'Heat and drought can trigger persistent changes in Alpine flora'
UAntwerp researchers study impact of warming and drought in the Alps
A single weather extreme has far-reaching consequences. Damage to alpine vegetation in the short term, but also long-lasting legacy effects that can alter the appearance of alpine meadows for years. That is the conclusion of a team of Antwerp and Swiss researchers led by ecologist Hans De Boeck.
The summer of 2018 was exceptionally warm and dry in large parts of Europe. Again. This was not only true in the lowlands, but also in the mountain regions. While tourists rejoiced, glaciers continued their retreat. Also the plants high up in the mountains are affected by the extreme weather.
Together with Swiss colleagues, researchers from the University of Antwerp studied what impact heat waves and drought have on alpine vegetation, both in the short and longer term. To this end, the researchers exposed sections of alpine grassland to a 17-day period of extreme heat by temporarily transporting them from high in the mountains (Furka Pass) to deep in the Rhone valley. “This ‘heat wave’ was then combined with either normal precipitation or drought”, lead researcher Hans De Boeck (UAntwerp) explains. “The immediate effects were clear: while the plants grew normally when they had enough water, a high degree of plant stress was observed when the heat coincided with a drought period.”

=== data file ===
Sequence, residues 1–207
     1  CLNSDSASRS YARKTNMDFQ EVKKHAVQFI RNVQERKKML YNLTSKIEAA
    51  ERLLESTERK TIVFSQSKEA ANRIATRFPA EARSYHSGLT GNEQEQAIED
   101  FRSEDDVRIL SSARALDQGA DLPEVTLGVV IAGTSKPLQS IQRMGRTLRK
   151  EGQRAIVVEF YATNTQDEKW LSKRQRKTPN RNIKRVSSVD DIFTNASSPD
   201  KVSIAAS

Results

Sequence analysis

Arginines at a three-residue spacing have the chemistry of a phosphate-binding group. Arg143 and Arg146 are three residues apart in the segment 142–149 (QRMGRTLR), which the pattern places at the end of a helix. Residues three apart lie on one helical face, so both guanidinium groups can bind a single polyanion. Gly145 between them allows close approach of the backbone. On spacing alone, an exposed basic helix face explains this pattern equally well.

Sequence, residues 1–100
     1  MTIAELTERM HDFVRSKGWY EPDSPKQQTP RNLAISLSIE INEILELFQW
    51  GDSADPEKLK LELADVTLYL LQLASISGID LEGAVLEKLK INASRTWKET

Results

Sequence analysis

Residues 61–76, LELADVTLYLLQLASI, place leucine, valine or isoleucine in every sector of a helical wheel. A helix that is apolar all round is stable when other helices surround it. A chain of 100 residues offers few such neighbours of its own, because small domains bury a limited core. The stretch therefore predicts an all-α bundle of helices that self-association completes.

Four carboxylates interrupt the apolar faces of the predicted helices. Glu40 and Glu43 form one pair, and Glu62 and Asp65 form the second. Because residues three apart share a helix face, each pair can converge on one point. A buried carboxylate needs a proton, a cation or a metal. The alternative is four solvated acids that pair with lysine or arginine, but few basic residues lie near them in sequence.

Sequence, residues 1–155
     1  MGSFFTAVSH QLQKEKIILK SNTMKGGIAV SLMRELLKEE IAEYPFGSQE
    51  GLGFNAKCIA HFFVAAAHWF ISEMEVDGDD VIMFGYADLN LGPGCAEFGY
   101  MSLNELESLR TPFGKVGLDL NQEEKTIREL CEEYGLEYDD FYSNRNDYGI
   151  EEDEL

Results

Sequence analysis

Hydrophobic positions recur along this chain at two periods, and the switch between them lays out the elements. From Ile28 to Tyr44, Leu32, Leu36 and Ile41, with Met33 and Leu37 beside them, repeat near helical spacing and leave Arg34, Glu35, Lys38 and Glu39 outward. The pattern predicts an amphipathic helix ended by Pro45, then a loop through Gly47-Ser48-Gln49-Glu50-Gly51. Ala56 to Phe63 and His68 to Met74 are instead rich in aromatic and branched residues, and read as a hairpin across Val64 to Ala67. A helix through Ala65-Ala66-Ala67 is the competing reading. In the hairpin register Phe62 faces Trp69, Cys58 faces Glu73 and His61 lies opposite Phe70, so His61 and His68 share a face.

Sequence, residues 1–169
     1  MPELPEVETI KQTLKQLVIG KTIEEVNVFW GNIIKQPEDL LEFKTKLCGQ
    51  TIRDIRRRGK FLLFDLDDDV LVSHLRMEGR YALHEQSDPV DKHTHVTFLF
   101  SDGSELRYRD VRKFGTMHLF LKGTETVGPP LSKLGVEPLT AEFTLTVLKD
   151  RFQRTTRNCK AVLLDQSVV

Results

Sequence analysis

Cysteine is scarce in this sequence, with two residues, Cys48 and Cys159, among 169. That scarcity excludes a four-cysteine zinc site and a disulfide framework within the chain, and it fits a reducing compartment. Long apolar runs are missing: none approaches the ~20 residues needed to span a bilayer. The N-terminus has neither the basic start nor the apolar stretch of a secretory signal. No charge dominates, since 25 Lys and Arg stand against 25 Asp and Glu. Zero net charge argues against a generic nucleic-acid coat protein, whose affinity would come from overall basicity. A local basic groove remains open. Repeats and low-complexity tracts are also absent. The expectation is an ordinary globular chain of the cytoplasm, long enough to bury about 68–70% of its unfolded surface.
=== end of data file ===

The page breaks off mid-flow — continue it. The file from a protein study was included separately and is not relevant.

Grasses on the rise
The researchers returned the following years to see how fast the alpine grassland could recover from this stress. “It appears that even two years after the extreme, its effects were still obvious. Though growth returned to normal levels, more bare soil was present and the number of flowering plants had decreased, with the vegetation becoming more ‘grassy’. “These grasses survived the extreme weather conditions better, and were able to translate this initial advantage into a lasting increase in dominance. When confronted with a new hot drought, this ‘new’ grassland may prove to be more resistant than the original.”
Whether alpine meadows will indeed become less colourful in the future as flowering plants disappear, depends on a number of other factors, but it is clear that climate extremes can have significant and long-lasting impacts, also high up in the mountains. These results have now been published in the scientific journal Frontiers in Plant Science.